If current trends continue, the incidence of HPV-related oral cancers will soon surpass that of cervical cancers, senior author Dr. Maura Gillison reported at the annual meeting of the American Society of Clinical Oncology.
The incidence of HPV-positive oropharyngeal cancers increased 225% – from 0.8 per 100,000 to 2.8 per 100,000 – between 1988 and 2004, the researchers found. At the same time, the incidence rate for HPV-negative oropharyngeal cancers, which are strongly related to tobacco and alcohol use, declined by 50% – from 2.0 per 100,000 to 1.0 per 100,000.
Consequently, the overall incidence of oropharyngeal cancers increased 28%.
Even by the conservative estimate that 70% of oropharyngeal cancers in 2020 will be HPV positive, the annual number of HPV-positive oral squamous cell carcinomas (8,653 cases) is expected to surpass cervical cancers (7,726 cases). Further, the majority will occur among men (7,426 cases), said Dr. Gillison, a medical oncologist and the Jeg Coughlin Chair in Cancer Research at Ohio State University Comprehensive Cancer Center in Columbus.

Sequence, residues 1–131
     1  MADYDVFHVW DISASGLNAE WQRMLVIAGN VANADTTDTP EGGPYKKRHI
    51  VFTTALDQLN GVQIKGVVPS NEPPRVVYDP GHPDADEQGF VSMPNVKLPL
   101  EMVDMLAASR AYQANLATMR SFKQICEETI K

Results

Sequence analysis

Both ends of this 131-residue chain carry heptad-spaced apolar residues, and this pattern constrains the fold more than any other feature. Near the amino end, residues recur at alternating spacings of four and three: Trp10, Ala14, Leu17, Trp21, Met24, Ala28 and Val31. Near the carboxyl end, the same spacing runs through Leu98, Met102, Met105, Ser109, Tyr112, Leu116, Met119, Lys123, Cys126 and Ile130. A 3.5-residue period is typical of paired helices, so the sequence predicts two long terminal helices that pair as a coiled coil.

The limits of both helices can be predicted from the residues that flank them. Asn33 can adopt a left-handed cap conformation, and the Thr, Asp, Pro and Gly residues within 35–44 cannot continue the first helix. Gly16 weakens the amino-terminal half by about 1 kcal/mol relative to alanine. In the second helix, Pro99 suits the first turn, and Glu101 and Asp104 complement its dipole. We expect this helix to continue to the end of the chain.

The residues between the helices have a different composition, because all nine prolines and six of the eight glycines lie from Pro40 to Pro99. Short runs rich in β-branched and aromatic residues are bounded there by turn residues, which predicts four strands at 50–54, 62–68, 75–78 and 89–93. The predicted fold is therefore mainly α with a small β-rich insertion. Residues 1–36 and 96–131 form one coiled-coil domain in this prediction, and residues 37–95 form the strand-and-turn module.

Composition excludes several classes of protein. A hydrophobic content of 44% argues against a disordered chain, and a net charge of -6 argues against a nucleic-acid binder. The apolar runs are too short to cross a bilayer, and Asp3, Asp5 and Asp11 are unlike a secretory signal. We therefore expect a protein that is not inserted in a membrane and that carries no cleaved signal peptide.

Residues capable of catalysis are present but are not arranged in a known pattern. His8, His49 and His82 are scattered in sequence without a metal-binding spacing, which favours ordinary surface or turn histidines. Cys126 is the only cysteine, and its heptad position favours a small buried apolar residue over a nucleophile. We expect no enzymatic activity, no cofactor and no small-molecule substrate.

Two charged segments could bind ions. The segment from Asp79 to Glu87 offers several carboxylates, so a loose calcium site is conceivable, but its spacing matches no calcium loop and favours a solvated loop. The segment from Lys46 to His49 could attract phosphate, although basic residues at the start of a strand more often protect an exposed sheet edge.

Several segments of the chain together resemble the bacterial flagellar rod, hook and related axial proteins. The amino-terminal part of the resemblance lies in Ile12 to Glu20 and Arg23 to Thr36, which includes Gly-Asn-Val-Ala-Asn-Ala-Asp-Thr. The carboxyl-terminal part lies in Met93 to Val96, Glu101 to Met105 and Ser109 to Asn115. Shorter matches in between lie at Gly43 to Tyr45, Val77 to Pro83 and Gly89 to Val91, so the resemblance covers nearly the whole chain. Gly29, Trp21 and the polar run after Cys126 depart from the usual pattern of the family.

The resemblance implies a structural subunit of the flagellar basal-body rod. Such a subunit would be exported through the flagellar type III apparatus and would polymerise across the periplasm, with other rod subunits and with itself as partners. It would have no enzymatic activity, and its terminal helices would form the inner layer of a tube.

Changes in sexual behavior among recent birth cohorts and increased oral HPV exposure probably influenced the increases in incidence and prevalence, Dr. Gillison speculated. Having a high lifetime number of sexual partners is a known risk factor for HPV infection.
Although the rise in oral cancers in the United States has been attributed to HPV infection, the empirical evidence to back the contention was uncovered prior to the SEER study. A previous study by Dr. Gillison and her colleagues helped to establish that HPV infection causes an epidemiologically and clinically different form of oral cancer. Their findings documented a major increase in the incidence of HPV-related oral cancers in the United States, particularly among young, white men, and that survival rates are significantly higher in patients with HPV-related oral cancers than in those with HPV-negative cancers (J. Clin. Oncol. 2008;26:612-9).